After Harshavardhan, new kingdoms and dynasties emerged. They were big landlords or warrior chiefs who emerged close to 7th century. The Kings acknowledged them as Samanthas, and received gift from these samanthas, who provided the militray support to the kings in need.
They often declared themselves as ‘maha-samanthas’ and ‘maha-mahadaleshvara’. For instance, the Rashtrakutas in Deccan, who were initially they were subordinate to Chalukyas of Karnataka. In mid 8th century they gained control over the land.
There were Brahmin rulers like the Kadamba Mayurasharman in Karnataka and Gurjara-Pratihara Harichandara in Rajasthan.
“Tripartite Struggle” between the Rashtrakutas, Palas and Gurjara- Pratihara fought to control Kanauj, towards the end of 8th century AD. This struggle for supremacy among the Palas, Partihars and rashtrakutas was significant event in these centuries.
Genrally, the period between 750 AD and 1200 AD is referred to as the Rajput Period. This period has been characterised by a lack of unity in the kingdoms amid foreign invasions.
The Palas of Bengal during Early Medieval Period in India:
The Pala dynasty was founded by Gopala in 750 AD. He was succeeded by his son Dharmapala who revived Nalanda University. He also founded the Vikramsila University(present day Bhagalpur district in Bihar).
He was succeeded by Devapal during 815-855 AD. He built the famous the Mahabodhi temple at Bodh Gaya. The Palas patronised Buddhism even while it was on decline in other parts of India. They were the followers of Mahayana and Vajrayana schools of Buddhism. Proto-Bengali literature and art flourished during their rule. The UNESCO world Heritage site, Somapura Mahavihara(now in Bangladesh) was constructed during the Pala reign. They ruled over parts of modern day Bengal and Bihar.
The Palas were succeeded by Sena dynasty of Bengal. In the court of Lakshman Sena the author of Gita Govind, Jayadeva was the court poet.
The Pratiharas of Kannauj During Early Medieval History of India:
Also known as Gurjara Pratihara because they probably originated from Gujarat region. Mihir Bhoja was the most important ruler of this dynasty. Kannauj became their capital for a while. They are believed to be a clan of Rajputs. Nagabhatta was the first great ruler of this dynasty. He ruled from about 725 Ad to 740 AD. He defeated the Arab Muslim rulers of Sind and prevented them from capturing the central India. He was succeeded by Devaraja, Vatsaraja and Nagabhata II. At its peak, the Gurjara-Pratihara empire included parts of eastern Punjab, awadh, Agra, gwalior, and Rajasthan.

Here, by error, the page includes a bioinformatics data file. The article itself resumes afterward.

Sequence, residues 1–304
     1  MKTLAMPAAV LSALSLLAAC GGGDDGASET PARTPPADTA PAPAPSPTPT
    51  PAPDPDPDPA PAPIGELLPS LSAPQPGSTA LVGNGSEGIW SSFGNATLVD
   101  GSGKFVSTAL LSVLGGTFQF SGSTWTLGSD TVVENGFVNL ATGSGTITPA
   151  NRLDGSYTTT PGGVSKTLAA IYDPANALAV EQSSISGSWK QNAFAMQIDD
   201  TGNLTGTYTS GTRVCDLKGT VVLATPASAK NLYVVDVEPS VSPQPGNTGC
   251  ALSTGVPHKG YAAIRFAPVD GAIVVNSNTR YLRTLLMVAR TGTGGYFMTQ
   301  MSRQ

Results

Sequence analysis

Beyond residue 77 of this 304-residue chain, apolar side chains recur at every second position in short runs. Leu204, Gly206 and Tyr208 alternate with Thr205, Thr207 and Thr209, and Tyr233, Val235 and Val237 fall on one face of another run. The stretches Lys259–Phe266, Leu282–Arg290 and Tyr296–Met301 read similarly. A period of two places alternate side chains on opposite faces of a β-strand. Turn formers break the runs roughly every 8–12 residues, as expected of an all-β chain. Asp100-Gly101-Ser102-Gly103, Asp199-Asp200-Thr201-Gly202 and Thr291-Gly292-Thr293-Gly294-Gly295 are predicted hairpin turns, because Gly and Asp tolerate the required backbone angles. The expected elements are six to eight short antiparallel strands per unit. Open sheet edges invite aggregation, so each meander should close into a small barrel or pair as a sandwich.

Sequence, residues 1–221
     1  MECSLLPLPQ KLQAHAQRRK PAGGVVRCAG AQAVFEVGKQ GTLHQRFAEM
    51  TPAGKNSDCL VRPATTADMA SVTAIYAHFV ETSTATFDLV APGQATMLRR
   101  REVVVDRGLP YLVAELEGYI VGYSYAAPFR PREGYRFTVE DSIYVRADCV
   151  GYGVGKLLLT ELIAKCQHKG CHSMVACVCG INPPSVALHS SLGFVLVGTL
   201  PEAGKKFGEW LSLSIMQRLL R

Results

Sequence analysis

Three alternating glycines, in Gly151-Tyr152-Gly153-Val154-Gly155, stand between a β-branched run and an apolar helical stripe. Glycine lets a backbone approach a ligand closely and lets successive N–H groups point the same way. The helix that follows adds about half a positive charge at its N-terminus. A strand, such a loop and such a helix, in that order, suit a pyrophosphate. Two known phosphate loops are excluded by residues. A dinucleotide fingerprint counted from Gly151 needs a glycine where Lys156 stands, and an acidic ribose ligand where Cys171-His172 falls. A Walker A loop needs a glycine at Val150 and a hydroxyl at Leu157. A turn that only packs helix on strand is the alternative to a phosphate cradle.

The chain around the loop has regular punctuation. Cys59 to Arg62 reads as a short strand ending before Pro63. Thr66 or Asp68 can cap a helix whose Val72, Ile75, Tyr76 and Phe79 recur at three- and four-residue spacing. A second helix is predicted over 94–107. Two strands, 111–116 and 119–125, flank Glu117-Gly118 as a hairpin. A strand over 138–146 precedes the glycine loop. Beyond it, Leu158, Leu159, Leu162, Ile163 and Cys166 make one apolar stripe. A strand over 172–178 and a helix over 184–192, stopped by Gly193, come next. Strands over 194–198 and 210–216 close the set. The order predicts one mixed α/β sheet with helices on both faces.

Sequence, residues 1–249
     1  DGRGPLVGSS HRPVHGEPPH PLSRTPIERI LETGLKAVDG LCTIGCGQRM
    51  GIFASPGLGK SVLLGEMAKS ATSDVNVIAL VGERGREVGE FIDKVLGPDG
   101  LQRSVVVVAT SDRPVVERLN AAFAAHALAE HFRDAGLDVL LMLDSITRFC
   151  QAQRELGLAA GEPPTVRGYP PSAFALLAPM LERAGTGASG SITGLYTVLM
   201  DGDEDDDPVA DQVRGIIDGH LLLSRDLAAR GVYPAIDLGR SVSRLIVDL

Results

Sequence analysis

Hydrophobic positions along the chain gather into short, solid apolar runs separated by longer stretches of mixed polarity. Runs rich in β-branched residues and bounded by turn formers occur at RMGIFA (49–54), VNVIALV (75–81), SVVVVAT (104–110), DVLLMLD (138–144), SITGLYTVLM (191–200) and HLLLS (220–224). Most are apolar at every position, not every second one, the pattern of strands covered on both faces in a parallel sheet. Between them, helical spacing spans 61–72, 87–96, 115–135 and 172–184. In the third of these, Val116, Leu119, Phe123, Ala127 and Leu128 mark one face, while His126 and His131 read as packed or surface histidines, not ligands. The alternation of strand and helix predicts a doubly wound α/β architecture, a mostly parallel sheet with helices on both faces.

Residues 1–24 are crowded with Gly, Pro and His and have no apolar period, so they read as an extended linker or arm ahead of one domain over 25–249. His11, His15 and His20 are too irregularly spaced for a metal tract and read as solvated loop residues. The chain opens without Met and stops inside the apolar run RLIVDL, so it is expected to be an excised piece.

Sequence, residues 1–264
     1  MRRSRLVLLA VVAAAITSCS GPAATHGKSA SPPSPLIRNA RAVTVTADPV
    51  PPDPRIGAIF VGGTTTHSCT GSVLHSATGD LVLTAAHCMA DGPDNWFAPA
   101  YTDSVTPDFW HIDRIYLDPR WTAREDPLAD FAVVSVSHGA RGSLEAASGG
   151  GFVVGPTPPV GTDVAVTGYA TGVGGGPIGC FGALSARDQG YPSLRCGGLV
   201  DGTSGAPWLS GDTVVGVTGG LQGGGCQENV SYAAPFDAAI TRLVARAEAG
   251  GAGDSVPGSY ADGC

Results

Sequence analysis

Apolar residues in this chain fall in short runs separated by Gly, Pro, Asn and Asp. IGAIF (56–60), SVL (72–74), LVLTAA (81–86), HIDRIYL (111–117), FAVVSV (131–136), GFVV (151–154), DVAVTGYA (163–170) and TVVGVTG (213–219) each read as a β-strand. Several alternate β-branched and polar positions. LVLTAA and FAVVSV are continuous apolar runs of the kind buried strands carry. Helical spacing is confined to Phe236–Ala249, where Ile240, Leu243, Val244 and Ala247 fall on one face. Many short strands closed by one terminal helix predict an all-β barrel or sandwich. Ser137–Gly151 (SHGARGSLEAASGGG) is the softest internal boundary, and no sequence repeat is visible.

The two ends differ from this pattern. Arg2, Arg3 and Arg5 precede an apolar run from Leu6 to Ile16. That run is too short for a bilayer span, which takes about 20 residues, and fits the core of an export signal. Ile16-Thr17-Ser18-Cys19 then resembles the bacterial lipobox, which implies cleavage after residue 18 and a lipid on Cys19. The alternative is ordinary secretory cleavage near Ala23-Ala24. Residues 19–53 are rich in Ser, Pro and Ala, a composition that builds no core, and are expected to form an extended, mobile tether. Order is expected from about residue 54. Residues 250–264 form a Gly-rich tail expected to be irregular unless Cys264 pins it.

Mihir Bhoja ruled from 840-890 AD, he took the empire to its peak glory by extending the boundaries of empire further. He made Kannauj an important centre in India. Mihir Bhoja maintained large army. He was a patron of art and learning. Himself a vaishnavite, he was tolerant to other religions.
Mahendrapala succeeded Bhoja and maintained the empire.
The Rashtrakutas in Early Medieval Period in India:
Dantiduga was the founder of the Rashtrakuta dynasty with his capital at Malkhand or Malkhed, in present day gulbarga district in Karataka. The Rashtrakutas built the famous Kailasa Temple at ellora which is remarkable rock-cut architecture.
Other important Rulers of the time:
The Solankis of Gujarat in Early Medieval Period in India:
Initially, they were feaudatopries of the Pratiharas, later around 10th century, they asserted their independence under their chief, Mularaja. The Solanki capital was Anhilwara. Another significant ruler of this dynasty was Bhima. He witness the Gujarat invasion led by Mahmud of Ghazni.
The greatest ruler of the Solanki dynasty was Kumarpala, after whose death, the kingdom declined.
The Sisodias of Mewar in Early Medieval Indian History:
Bappa Rawal was the founder of the Sisodia kingdom. He set up Chittor as his capital. Mewar reached the height of its power under the rule of Rana Kumbha and his grandson, Rana Sanga. Rana Kumbha had defeated the Muslim ruler of Malwa and built Vijay Stambh to commorate the victory in Chittor. Kumbha was a great warrior, musician, poet and a builder. His successor Maharana Pratap fought many battles against Muslim rulers and did not submit to them.
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